There has been a lot of talk this month about the future of behavioral advertising and privacy on the Internet. This coming year could change if and how your team uses ads that target people’s browsing history.
The Federal Trade Commission published preliminary proposals for targeting online ads on Dec. 1, and the Department of Commerce published preliminary proposals for protecting consumer privacy on Dec. 16.
These statements came about two months after the Digital Advertising Alliance (DAA) launched a program that lets users ‘opt-out’ of behavioral tracking. The DAA is a coalition of industry groups that supports industry-based self-regulation for behavioral ads.
Outcome far from certain
What does all this mean? No one is entirely sure. The FTC and the Commerce Department’s proposals are not laws, but folks from the FTC have been speaking with Congress about the issue. And FTC Chairman Jon Leibowitz has expressed dissatisfaction with the industry’s self regulation.
This much is clear: behaviorally targeted advertising is raising privacy concerns. Consumers are seeing the shoes they just shopped for appear in ads on other websites, and that is freaking some people out. Two solutions have been floated:
- The FTC’s preliminary proposal: have a browser-based solution that signals to websites that a consumer has ‘opted-out’ of tracking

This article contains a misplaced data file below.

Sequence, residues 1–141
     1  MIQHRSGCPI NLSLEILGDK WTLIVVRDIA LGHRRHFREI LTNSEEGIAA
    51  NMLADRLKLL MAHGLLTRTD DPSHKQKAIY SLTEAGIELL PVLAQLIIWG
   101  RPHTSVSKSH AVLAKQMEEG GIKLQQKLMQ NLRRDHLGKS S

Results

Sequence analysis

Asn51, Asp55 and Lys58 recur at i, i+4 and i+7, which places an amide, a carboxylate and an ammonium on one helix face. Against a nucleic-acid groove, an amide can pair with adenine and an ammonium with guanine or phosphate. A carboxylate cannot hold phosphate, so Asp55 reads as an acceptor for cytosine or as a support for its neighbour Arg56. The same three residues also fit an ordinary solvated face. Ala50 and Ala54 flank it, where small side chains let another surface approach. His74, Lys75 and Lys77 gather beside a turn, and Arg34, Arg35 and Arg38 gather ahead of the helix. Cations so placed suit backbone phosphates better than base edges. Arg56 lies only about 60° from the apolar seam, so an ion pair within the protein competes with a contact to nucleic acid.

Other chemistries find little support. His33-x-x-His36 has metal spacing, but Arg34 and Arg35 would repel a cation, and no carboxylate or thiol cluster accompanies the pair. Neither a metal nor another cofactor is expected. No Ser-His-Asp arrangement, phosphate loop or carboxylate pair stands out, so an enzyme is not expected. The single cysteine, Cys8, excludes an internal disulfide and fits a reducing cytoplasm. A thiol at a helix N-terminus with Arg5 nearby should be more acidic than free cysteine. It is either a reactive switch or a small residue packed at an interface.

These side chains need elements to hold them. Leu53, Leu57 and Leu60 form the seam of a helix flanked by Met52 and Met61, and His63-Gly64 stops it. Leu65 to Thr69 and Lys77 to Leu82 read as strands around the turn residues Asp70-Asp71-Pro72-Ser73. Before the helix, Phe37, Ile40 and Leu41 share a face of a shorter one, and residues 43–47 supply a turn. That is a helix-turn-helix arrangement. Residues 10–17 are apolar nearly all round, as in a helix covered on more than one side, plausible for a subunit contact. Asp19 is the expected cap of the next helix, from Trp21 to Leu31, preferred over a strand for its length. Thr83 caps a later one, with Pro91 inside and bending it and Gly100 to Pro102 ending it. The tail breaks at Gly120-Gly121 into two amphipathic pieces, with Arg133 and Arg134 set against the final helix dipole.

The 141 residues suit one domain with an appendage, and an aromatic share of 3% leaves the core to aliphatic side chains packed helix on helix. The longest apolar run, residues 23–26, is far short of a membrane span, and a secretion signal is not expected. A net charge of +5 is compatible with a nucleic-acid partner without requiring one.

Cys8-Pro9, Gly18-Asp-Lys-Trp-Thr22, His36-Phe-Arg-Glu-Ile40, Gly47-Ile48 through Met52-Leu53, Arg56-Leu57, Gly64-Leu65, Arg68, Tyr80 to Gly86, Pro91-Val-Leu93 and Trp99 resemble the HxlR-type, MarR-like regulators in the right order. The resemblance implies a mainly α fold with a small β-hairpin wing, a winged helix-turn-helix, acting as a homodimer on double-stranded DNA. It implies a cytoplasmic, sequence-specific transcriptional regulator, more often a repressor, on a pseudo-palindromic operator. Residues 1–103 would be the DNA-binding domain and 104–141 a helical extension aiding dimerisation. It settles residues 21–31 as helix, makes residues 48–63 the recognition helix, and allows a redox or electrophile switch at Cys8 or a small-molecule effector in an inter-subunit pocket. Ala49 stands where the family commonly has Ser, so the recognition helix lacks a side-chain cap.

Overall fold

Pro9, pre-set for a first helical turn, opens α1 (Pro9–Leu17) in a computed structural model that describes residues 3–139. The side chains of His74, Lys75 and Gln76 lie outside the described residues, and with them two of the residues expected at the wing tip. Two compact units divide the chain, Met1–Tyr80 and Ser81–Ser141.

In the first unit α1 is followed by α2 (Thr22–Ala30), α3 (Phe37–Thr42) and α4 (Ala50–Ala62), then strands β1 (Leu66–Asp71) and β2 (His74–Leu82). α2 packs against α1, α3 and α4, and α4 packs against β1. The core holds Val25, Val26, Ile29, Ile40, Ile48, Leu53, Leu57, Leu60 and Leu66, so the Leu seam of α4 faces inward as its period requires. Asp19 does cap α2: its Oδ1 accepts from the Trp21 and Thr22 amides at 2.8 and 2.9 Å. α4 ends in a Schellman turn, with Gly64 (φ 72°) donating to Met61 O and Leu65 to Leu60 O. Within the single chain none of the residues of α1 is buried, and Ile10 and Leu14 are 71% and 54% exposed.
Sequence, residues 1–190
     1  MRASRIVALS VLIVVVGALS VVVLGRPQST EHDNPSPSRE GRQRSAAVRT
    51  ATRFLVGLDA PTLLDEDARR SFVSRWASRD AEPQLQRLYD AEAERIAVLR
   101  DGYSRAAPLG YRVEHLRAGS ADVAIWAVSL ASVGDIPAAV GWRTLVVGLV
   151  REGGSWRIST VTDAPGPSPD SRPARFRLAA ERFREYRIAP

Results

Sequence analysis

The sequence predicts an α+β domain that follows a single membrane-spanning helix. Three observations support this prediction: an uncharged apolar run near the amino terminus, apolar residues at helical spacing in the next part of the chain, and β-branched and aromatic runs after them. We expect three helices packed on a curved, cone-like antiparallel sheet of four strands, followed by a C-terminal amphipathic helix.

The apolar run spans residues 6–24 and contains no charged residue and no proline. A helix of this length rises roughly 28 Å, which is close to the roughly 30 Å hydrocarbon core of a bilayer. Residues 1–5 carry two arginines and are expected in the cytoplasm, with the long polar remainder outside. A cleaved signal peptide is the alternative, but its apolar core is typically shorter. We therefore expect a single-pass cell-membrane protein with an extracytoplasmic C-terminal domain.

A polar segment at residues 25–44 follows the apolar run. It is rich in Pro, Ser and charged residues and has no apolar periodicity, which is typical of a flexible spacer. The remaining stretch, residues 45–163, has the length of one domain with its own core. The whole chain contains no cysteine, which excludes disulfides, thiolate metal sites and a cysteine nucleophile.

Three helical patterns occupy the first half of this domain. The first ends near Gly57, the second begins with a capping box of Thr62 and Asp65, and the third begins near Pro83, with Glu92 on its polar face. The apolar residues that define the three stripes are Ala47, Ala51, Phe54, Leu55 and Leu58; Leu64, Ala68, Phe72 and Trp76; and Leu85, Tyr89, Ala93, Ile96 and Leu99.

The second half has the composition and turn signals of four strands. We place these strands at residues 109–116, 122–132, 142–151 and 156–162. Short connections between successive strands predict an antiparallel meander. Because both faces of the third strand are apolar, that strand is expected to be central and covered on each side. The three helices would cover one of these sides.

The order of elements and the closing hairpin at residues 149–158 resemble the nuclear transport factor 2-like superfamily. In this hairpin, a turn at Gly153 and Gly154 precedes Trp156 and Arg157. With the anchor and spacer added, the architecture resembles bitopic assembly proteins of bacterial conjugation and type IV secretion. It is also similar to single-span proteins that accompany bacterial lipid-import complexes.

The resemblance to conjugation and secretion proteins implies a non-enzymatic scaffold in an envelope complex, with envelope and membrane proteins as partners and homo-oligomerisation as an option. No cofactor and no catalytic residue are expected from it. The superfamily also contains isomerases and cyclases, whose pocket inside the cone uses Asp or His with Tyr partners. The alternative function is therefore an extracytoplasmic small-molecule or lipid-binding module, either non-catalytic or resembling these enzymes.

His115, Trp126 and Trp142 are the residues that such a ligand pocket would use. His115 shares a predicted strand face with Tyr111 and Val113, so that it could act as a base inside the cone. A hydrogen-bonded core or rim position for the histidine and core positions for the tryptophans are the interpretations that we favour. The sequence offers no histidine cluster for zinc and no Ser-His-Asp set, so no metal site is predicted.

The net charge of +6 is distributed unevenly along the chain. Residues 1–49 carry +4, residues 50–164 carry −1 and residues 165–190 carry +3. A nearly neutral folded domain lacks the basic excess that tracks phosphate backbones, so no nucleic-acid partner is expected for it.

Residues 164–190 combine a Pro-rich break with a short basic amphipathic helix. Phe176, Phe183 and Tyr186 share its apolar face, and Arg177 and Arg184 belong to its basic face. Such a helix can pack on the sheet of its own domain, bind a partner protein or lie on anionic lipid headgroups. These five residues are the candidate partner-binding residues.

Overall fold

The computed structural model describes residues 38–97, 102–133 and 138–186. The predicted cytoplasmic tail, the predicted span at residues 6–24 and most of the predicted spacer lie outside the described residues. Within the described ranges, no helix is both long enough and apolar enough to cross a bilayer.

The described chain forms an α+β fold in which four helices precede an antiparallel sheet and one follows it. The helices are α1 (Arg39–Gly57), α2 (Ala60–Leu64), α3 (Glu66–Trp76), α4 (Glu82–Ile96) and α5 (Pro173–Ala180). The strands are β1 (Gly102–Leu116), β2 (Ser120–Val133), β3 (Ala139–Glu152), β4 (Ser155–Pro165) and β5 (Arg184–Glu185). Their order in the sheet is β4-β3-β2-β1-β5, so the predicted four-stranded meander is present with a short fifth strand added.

- The DAA’s program: let users ‘opt-out’ by clicking on an icon next to an ad. This program has been adopted by at least one major media-buying agency.
The potential for impact
Should either of these options — or some other ‘opt-out’ system — become a wide-spread reality, it could have serious implications for online advertising. Here are two stats to consider:
- An Interactive Advertising Bureau survey of ad agencies earlier this year found that 80% or more of digital advertising campaigns were touched by behavioral targeting.
- A USA Today/Gallup poll in December found that 67% of U.S. Internet users say advertisers should not be allowed to match ads to their browsing history.
A tremendous leap of faith is not required to assume that a sizeable portion of that 67% would gladly opt-out of all behaviorally based ads.
What you can do in the meantime
While Washington and the industry figure out what, if anything, will change, your team should look at its marketing and understand the importance of behavioral ads and tracking in your programs.
Consider what would happen if the ads stopped working as well, stopped working completely, or did not change — and what you should do in each case.
Also, talk to your agencies, affiliates and ad-networks. Find out what this means for the marketing they do on your behalf. The last thing you want to do is to be caught off guard by any changes.